One teary-eyed teacher told me she had no idea this is what kids of color were going through.
Ninety percent of educators nationwide report that school climate has been negatively affected since the presidential election.
Whether it is a swastika spray painted on the school wall or a confederate flag flying on public grounds, the effect is divisive and deeply painful.
Educators learn a vital truth about today’s teens: They are acutely aware of racial discrimination in America, and will engage in robust conversations about racism’s impact on them and our society.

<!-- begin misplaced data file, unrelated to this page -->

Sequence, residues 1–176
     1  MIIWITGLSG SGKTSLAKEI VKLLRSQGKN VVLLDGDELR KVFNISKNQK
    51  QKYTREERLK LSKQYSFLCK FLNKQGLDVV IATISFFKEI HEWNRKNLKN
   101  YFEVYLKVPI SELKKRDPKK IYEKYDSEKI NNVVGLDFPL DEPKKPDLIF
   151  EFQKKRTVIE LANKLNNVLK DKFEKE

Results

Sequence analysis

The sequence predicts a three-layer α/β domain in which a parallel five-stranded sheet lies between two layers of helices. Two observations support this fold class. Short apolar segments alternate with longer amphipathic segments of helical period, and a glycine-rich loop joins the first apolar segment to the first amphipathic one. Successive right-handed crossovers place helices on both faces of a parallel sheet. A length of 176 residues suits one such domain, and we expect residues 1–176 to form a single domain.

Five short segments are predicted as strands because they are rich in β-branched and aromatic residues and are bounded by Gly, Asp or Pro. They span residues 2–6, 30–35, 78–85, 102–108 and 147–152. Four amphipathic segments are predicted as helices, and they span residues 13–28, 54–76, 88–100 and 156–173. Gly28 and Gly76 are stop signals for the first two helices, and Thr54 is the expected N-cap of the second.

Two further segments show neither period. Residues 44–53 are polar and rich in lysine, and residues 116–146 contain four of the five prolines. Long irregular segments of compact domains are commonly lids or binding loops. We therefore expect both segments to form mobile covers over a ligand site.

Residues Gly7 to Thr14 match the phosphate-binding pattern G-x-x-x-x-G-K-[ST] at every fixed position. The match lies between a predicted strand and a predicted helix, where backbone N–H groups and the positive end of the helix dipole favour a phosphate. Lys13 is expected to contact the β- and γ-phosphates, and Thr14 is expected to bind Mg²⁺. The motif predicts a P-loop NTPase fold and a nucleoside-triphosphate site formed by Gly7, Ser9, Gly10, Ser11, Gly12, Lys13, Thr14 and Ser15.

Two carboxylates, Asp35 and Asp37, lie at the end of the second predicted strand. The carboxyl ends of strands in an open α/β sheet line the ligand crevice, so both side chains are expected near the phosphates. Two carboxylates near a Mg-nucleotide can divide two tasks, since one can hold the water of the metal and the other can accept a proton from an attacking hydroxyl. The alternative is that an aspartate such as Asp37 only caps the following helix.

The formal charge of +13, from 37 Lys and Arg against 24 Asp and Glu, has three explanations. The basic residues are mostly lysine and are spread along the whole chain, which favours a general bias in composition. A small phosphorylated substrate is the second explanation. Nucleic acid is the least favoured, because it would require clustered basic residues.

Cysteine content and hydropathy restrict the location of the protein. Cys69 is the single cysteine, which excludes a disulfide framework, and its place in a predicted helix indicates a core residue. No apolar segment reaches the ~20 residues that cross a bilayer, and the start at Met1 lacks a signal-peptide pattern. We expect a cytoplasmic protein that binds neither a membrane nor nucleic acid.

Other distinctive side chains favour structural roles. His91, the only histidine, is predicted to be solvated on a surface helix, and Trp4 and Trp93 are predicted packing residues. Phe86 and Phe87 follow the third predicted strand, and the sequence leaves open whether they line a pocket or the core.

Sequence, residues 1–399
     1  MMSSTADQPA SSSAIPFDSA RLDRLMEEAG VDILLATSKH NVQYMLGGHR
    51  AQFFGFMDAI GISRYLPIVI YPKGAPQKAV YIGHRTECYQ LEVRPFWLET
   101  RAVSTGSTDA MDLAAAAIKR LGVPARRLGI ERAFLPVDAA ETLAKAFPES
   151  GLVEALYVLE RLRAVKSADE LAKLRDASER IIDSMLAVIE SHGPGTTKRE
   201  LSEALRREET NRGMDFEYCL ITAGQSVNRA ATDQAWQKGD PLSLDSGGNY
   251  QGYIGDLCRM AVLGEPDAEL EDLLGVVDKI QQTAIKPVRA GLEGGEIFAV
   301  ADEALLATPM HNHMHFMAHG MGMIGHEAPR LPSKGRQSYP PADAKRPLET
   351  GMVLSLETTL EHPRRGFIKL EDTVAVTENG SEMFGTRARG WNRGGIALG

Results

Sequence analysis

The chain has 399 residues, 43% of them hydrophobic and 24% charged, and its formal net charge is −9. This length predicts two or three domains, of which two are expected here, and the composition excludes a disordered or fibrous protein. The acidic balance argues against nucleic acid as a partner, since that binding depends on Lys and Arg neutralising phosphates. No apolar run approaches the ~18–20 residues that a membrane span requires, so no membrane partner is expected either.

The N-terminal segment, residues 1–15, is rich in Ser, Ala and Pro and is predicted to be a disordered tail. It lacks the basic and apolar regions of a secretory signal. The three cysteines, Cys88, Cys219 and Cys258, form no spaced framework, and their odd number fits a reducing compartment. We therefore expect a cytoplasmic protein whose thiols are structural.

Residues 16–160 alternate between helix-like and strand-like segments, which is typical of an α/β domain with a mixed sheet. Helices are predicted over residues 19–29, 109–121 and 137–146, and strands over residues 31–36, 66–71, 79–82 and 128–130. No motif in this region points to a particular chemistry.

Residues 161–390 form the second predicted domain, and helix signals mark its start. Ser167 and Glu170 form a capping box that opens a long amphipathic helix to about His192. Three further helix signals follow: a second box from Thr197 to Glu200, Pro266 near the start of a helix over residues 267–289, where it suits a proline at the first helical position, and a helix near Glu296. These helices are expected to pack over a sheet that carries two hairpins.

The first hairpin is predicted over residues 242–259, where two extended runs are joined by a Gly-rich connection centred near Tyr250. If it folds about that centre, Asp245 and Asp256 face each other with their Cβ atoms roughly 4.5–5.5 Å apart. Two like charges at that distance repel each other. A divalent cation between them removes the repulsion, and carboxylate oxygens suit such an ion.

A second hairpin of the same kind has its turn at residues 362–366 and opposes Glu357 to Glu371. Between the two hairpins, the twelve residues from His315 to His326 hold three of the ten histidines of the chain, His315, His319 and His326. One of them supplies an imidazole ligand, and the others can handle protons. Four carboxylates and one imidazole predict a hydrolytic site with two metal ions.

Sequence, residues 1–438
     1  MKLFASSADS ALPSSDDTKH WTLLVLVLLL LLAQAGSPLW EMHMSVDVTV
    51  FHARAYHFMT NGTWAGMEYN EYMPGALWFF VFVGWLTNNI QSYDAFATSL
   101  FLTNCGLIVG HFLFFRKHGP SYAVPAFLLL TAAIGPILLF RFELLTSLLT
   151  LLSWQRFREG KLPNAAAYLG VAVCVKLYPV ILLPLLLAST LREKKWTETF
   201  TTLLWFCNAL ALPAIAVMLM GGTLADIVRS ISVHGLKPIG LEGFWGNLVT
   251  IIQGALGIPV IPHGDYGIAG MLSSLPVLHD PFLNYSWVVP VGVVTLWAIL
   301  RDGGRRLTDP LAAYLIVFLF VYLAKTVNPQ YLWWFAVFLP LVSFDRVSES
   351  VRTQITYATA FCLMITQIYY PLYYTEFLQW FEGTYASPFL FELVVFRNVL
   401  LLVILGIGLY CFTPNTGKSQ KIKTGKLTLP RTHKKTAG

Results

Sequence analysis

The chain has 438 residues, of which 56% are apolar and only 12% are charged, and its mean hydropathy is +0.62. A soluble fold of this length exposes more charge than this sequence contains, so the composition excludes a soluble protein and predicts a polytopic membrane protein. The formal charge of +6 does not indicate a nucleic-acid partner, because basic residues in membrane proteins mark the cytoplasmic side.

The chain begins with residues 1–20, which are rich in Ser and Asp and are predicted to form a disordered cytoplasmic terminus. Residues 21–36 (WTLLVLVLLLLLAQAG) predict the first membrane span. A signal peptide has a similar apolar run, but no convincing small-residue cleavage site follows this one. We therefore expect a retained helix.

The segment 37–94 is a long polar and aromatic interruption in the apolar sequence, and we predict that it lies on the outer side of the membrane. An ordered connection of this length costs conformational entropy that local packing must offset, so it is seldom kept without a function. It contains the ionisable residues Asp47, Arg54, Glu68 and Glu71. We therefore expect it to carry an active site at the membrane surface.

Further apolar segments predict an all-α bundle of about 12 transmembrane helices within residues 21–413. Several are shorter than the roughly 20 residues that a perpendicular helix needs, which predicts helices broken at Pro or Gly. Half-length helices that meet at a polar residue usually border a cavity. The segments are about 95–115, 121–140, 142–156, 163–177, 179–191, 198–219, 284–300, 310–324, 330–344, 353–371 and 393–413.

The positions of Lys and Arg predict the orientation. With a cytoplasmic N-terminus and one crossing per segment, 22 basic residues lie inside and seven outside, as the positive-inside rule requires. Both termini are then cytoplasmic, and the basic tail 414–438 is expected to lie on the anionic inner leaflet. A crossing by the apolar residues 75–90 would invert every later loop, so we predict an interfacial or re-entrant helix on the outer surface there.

As a young teacher in an all-Black segregated school in NC, when Willa Johnson taught her students how to register to vote she was summoned to the principal’s office and summarily fired.
In Minneapolis, educators and community members won a huge victory when they successfully organized to end the use of a phonics curriculum that was filled with race, gender and cultural stereotypes.
Teacher says the nasty and divisive language coming out of the 2016 presidential election about Muslims, refugees, and immigrants is getting the attention of the kids in his school, 60 percent of whom are students of color.